Information about consumption of cold breakfast cereals was self-reported using an abbreviated food questionnaire during enrollment (1981-1983). A detailed description of the assessment of breakfast cereal intake in the PHS has been published.9, 13 Briefly, participants were asked to report their average consumption of cold breakfast cereals (1 cup) during the past year. Possible response categories included “rarely/never”, “1-3/month”, “1/week”, “2-4/week”, “5-6/week”, “daily”, and “2+/day”. In addition, the brand of cereals consumed was queried at baseline. We used an algorithm developed by Jacobs and colleagues14 to classify breakfast cereals into whole grain and refined grain. Specifically, breakfast cereals that contain at least 25% of oat or bran were classified as whole grain. Information on breakfast cereal consumption was obtained at baseline, at 18 weeks and 24, 48, 72, 96, and 120 months after randomization.
A questionnaire was mailed to each participant every 6 months during the first year and has been mailed annually thereafter to obtain information on incident outcomes including HTN. HTN was defined as systolic blood pressure of 140+, diastolic blood pressure of 90+, or treatment for elevated blood pressure.15
Information on age, height, weight, body mass index, cigarette smoking, fruit and vegetable consumption, HTN, history of DM, alcohol consumption, and physical activity was collected at baseline. Incidence of major chronic disease was ascertained through annual follow-up questionnaires.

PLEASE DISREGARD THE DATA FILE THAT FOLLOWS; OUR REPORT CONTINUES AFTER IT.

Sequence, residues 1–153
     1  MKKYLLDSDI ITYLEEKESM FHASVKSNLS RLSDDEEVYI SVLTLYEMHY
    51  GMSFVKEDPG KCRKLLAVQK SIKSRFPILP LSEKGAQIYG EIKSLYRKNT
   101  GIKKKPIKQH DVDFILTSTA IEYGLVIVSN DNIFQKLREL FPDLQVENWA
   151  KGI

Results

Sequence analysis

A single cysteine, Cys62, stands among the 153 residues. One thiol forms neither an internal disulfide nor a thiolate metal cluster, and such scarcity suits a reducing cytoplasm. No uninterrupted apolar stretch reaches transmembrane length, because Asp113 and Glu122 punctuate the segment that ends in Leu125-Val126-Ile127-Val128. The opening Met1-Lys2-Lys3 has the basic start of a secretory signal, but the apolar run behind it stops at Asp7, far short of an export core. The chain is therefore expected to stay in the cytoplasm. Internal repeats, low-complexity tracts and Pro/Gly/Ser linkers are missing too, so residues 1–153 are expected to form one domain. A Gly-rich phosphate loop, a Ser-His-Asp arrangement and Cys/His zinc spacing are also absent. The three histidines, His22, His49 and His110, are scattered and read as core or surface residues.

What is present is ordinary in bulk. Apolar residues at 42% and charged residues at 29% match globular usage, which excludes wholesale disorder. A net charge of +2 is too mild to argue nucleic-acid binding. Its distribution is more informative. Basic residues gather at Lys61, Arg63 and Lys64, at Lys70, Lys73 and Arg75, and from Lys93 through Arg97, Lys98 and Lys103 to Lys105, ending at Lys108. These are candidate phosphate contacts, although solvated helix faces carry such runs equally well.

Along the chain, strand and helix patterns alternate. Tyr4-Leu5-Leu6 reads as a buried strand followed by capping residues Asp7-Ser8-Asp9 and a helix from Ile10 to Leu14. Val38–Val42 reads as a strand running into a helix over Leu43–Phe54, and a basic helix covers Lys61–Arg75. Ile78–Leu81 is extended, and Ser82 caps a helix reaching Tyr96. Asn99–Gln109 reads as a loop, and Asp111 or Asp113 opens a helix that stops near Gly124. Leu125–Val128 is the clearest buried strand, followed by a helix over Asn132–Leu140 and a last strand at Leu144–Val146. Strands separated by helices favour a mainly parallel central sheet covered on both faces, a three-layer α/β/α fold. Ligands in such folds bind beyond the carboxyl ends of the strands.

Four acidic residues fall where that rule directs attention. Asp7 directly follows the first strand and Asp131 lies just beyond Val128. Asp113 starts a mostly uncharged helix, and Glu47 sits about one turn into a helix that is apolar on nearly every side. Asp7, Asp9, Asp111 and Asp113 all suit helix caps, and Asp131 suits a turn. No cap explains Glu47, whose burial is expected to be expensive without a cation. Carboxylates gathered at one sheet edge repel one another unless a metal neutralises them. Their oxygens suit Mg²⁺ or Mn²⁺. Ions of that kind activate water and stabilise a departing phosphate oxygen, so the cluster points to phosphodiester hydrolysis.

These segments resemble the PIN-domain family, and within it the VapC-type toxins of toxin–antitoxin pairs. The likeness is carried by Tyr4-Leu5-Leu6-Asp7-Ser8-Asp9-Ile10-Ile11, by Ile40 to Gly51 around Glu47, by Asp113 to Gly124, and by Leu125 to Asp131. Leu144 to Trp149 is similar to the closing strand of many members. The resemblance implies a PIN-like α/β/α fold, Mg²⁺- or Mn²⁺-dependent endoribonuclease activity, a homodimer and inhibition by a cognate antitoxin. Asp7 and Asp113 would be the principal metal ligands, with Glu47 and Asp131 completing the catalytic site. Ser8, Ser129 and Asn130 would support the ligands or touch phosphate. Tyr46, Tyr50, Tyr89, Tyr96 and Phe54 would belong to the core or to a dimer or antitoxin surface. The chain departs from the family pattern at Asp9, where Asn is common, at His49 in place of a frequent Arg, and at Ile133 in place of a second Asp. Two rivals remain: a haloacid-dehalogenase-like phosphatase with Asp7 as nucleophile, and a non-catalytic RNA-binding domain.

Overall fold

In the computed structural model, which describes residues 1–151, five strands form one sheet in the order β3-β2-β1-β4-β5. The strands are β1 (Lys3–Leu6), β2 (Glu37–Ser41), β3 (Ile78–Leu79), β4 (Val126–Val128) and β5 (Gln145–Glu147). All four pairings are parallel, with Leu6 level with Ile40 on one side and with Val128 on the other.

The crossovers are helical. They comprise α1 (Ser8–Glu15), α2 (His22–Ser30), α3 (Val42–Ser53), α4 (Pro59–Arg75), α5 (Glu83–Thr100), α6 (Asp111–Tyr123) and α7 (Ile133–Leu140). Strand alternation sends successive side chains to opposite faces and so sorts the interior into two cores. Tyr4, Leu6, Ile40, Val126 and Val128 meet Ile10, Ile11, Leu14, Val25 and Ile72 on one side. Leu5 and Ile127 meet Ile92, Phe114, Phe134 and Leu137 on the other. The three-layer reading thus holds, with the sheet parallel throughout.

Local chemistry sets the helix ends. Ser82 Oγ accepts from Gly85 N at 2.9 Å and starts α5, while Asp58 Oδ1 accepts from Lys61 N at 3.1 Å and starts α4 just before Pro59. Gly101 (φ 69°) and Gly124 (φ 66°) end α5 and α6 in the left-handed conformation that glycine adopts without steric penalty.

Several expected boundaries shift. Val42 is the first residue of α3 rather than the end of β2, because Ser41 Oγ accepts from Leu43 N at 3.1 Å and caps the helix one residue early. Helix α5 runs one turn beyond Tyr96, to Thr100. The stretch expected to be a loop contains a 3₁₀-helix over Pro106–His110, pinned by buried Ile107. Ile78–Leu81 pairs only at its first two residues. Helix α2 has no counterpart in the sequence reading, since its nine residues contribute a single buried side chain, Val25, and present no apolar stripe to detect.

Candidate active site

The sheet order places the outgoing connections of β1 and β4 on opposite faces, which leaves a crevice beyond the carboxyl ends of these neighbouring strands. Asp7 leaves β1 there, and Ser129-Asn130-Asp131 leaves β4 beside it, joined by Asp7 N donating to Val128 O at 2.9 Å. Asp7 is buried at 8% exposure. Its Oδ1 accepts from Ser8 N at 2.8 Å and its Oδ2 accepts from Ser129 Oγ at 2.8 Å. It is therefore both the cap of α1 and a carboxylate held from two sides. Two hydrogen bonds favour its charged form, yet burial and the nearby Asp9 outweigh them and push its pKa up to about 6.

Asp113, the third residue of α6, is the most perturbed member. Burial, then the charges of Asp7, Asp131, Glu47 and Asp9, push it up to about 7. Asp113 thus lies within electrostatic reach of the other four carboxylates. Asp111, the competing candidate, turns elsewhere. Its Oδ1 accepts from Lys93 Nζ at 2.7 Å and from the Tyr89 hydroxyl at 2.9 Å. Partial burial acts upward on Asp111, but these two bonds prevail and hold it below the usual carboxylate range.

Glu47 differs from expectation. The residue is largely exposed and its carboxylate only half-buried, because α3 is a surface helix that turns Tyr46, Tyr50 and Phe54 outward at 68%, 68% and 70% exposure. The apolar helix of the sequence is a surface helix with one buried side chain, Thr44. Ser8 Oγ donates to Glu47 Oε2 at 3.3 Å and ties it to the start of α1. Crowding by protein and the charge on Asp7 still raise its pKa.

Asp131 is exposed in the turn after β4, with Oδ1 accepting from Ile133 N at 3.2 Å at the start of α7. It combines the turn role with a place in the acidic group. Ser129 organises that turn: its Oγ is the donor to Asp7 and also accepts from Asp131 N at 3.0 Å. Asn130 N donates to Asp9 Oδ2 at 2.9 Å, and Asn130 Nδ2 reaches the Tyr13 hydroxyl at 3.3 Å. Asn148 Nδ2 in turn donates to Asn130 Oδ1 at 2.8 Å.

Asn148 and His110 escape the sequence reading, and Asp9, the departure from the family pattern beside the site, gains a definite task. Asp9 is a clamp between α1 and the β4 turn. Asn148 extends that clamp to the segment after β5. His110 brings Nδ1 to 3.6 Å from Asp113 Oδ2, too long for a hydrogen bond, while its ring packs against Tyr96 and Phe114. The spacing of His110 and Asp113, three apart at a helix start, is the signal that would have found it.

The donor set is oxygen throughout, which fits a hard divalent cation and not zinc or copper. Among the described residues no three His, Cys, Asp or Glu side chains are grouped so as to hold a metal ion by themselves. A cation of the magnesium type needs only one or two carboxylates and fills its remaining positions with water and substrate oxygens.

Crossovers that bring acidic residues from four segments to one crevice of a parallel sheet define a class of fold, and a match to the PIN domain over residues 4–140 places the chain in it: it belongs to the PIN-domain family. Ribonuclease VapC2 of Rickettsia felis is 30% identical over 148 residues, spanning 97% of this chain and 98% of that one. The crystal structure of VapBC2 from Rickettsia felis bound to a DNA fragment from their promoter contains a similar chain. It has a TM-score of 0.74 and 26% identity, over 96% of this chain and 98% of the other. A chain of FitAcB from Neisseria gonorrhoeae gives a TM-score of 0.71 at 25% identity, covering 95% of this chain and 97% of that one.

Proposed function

We used total breakfast cereals as main exposure. However, we conducted stratified analyses by whole grain vs. refined breakfast cereals. Since the distribution of total, refined, and whole grain cereals was skewed to the right, we did not use quintiles to categorize cereal consumption. We grouped adjacent categories to allow sufficient number of person-times per category and to maintain a gradient of exposure as previously described.9 Thus, we classified each subject into one of the following categories of breakfast cereals: rarely or never, ≤1, 2-6, and 7+ servings/week. We calculated person-time of follow up from baseline until the first occurrence of a) HTN, b) death, or c) date of receipt of last follow-up questionnaire. Within each breakfast cereal group, we calculated the incidence rate of HTN by dividing the number of HTN cases by the corresponding person-time. We used Cox proportional hazard models to compute multivariable adjusted hazard ratios with corresponding 95% confidence intervals using subjects in the cereal category of “rarely/never” as the reference group. Assumptions for the proportional hazard models were tested (by including main effects and product terms of covariates and a logarithmic transformed time factor) and were met (all p values >0.05). We obtained p value for linear trend by treating cereal variable as ordinal (taking values of 0, 1, 2, and 3 from the lowest to the highest category of cereal intake). The initial model controlled for age. Fully adjusted model adjusted for age, smoking (never, past and current smokers), body mass index (BMI) (<25, 25-29.9, ≥30 kg/m2), alcohol consumption (<1, 1-4, 5-6, 7+ drinks/week), fruit and vegetable consumption (<4, 4-5, 6-7, and 8+ servings/day), physical activity (rarely/never, ≤ 1, 2-4, and 5+ times per week), and history of DM. To examine the influence of BMI on the cereal-HTN association, we conducted stratified analyses according to BMI Categories (<25, and ≥25). We then repeated the main analysis using updated cereal consumption at 24, 48, 72, 96, and 120 months as time-dependent variable. All analyses were completed using PC SAS, version 9.1 (SAS Institute, NC) and the significance level was set at 0.05.